According to the Justice Bureau statistics, in 2014, approximately 17.6 million people over 16 experienced at least one incident of identity theft. The most common losses due to identity theft are the misuse or attempted misuse of an existing account. Roughly 8.6 million people annually experience credit card fraud, with two-thirds of victims reporting a direct financial loss. Those who were victims of fraud in the form of new account openings in their name experience higher out of pocket financial losses.
The Equifax breach in 2017, exposing the personal data of over 150 million adults, caused Congress to act. They determined that individuals need more control over credit report access, and now require the three major credit bureaus to allow consumers to freeze credit files without fees.
With consumer identity theft an ongoing problem, it is important to protect access to your credit file. Here is what you need to know about a credit freeze and the new law.
What Is A Credit Freeze?
A credit freeze protects your accounts and prevents the creation of new credit by severely limiting access. With limited exceptions, a third party cannot view your credit file while you have a credit freeze in place.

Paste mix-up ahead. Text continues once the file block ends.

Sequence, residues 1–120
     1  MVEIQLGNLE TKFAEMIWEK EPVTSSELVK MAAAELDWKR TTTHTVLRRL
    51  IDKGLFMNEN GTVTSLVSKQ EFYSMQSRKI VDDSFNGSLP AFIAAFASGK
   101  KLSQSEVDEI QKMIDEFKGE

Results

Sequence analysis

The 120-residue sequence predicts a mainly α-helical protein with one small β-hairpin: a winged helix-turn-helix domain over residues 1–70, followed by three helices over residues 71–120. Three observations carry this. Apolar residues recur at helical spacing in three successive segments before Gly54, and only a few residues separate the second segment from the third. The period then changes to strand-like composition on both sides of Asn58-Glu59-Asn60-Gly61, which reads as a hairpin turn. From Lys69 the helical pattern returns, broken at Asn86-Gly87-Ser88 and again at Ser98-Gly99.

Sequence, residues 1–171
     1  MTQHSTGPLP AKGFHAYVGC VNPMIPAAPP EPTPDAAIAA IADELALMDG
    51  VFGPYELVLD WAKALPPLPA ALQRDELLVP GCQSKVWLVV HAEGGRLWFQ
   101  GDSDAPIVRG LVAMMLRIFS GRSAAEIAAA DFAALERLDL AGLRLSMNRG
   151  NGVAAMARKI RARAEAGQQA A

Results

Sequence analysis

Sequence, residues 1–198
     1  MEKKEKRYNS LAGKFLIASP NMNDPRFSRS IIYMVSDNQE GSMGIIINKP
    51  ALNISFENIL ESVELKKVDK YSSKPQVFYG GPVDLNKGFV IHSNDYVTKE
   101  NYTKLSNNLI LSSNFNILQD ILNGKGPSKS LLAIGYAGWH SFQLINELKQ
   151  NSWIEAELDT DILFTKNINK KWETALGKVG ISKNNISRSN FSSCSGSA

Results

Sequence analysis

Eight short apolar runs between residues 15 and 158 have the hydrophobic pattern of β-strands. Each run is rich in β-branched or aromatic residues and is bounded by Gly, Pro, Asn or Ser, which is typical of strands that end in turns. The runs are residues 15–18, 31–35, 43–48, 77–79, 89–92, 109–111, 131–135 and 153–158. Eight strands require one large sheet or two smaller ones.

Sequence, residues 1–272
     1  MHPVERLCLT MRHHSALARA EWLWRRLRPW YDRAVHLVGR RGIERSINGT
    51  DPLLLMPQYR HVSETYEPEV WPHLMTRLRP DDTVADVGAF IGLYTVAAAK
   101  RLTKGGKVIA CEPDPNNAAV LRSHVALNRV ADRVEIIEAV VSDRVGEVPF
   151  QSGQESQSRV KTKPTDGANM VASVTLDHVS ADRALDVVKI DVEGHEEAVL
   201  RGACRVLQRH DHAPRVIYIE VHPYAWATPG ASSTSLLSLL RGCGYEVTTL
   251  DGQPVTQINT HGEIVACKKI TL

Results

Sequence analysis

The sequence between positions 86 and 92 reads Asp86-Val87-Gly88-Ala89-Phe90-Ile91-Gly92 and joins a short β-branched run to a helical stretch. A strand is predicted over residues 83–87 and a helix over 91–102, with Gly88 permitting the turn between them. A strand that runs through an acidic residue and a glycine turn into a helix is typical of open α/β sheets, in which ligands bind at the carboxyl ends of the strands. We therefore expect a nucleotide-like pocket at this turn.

The benefit is that you can prevent a cyber thief from taking out new credit. The downside is that when you want to authorize a third party to view your report, you must unlock and then refreeze your credit file. Today, many companies want to review your credit. Third parties could include a lender, apartment rental agencies, an employer, a utility company, or even your insurance agent.
Freezing Procedures Prior to the New Law
The cost to put a freeze on your credit file varied by state. Some states granted, free access, while others allowed credit bureaus to charge fees up to $10 each time you made changes to the status of your credit file. For example, a loan application requiring a credit review could result in the need to lift the freeze and then reinstate it at all three credit bureaus. With costs up to $10 per event, per credit bureau, you could spend $60 to allow one company to review your file at the three credit bureaus.